Maillou was suitably rewarded by the government though his accounts were not always acceptable. By 1719 he had received the honorific title of king’s architect. On 6 Nov. 1728 Pierre Robinau* de Bécancour, the chief road commissioner, gave Maillou a commission to perform his duties in the jurisdiction of Quebec: Maillou was to act “in our absence” but the road commissioner actually left matters in the Quebec area entirely to his delegate. Maillou was empowered “to grant house alignments along the streets; to keep the streets clear in accordance with the highway ordinances; to prevent any protrusion, projections or encroachment on the streets without our permission or that of our delegate; and . . . to regulate, inspect and ensure maintenance of the royal roads of the said town.” In 1735 Maillou’s son-in-law Michel Petrimoulx was also made a clerk of the road commissioner, possibly to assist or replace Maillou.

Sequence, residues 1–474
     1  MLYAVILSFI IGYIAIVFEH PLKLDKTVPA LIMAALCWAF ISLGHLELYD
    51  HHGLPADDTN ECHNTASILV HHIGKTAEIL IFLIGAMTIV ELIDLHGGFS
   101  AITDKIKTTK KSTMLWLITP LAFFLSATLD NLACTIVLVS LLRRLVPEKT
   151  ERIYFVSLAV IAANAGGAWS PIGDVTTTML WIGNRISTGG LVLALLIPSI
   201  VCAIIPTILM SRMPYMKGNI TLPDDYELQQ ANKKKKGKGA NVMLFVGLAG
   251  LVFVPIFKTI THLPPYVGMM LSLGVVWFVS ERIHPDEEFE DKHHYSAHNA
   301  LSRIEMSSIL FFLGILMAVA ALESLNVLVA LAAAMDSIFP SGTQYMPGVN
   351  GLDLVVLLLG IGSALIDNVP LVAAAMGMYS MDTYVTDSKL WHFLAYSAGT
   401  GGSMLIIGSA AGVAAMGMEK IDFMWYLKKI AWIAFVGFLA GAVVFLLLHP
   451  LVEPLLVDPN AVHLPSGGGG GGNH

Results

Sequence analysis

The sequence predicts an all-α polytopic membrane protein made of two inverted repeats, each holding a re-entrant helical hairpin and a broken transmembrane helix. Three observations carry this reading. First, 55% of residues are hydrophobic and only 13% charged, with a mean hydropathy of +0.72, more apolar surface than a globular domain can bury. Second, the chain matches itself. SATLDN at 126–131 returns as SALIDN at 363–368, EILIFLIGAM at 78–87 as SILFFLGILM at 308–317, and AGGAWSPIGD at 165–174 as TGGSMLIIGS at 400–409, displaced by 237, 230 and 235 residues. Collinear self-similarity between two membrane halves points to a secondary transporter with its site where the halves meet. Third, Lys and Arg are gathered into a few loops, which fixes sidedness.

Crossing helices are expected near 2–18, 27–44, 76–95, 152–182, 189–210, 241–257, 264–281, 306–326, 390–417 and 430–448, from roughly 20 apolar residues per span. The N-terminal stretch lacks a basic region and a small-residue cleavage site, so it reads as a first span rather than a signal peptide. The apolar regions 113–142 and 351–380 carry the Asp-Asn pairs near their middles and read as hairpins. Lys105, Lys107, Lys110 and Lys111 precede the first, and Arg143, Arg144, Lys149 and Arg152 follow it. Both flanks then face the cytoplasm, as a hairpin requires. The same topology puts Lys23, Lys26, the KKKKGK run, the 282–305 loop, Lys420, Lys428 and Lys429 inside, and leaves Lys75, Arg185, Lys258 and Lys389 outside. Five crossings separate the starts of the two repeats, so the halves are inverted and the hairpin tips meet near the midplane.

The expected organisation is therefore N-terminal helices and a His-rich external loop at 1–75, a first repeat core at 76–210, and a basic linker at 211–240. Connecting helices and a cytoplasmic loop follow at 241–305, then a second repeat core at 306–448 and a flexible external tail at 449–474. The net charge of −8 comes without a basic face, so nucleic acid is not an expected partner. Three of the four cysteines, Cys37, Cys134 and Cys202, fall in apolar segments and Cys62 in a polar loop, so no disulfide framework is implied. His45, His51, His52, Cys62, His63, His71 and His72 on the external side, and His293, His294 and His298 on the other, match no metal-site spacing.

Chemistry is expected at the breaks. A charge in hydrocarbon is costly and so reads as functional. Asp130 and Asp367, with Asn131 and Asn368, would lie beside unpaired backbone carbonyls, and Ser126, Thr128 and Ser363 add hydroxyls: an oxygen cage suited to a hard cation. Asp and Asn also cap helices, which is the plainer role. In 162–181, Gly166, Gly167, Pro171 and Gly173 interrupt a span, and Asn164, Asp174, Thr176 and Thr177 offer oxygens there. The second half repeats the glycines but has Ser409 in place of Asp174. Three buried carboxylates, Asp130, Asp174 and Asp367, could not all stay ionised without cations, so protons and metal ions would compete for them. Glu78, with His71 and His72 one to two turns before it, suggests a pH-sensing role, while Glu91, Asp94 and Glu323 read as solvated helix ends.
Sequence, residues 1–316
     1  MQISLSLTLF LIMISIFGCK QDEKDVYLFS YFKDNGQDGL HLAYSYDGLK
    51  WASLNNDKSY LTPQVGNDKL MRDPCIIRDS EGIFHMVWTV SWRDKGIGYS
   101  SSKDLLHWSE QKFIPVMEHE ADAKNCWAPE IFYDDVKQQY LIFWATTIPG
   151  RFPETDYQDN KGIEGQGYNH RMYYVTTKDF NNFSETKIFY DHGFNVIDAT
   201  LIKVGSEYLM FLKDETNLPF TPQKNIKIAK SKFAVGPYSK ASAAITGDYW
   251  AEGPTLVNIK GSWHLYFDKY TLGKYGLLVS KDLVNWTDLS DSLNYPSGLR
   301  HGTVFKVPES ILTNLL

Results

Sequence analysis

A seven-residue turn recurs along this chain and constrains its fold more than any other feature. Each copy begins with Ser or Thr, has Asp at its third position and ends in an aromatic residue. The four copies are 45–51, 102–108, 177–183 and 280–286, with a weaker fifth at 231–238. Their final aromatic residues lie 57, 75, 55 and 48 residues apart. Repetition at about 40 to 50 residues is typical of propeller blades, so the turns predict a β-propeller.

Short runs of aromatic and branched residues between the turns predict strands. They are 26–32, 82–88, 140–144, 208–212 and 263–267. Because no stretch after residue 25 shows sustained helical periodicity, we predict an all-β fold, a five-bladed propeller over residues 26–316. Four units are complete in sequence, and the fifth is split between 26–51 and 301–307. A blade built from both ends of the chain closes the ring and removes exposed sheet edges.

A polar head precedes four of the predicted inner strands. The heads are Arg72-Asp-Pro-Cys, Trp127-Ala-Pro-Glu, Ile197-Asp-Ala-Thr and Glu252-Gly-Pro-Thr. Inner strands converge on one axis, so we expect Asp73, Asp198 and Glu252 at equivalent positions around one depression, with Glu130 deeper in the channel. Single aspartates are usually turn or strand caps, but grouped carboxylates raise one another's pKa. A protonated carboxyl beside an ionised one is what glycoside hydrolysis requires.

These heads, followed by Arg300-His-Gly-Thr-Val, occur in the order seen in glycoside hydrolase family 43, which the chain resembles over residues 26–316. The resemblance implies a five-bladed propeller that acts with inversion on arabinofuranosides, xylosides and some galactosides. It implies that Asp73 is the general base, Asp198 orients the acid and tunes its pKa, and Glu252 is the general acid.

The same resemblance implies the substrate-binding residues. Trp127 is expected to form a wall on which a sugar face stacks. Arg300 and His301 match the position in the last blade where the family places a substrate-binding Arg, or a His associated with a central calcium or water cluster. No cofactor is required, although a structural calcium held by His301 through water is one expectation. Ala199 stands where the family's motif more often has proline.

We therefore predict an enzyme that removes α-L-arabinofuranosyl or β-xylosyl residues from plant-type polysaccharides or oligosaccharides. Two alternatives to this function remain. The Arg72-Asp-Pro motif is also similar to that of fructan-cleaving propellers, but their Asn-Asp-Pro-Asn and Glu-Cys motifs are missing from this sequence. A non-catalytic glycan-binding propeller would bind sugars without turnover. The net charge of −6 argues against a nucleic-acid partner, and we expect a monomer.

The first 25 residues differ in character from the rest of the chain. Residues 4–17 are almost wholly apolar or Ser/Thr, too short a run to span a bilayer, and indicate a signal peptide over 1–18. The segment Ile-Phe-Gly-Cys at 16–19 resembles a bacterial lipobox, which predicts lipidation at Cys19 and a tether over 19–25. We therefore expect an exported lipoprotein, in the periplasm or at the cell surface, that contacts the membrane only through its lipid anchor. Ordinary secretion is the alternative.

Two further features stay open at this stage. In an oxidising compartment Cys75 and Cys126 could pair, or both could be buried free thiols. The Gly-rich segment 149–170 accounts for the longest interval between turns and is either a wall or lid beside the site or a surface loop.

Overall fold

From 1702 until the last years of his life Maillou was frequently called upon by the courts and private individuals to measure and appraise land, houses, and masonry work and to draw up plans. He also worked as a land surveyor even though no surveyor’s commission had been registered in his name. He marked out country roads in 1717 and 1729. He was an occasional assistant to the chief royal engineer Gaspard-Joseph Chaussegros de Léry. In 1728, 1730, and 1742 Maillou was one of the experts who assessed the necessary repairs and possible modifications to the bishop’s palace. After the publication of Intendant Dupuy*’s ordinance of 1727 on construction, Maillou helped to enforce those sections dealing with shingle roofs and fireproof chimneys.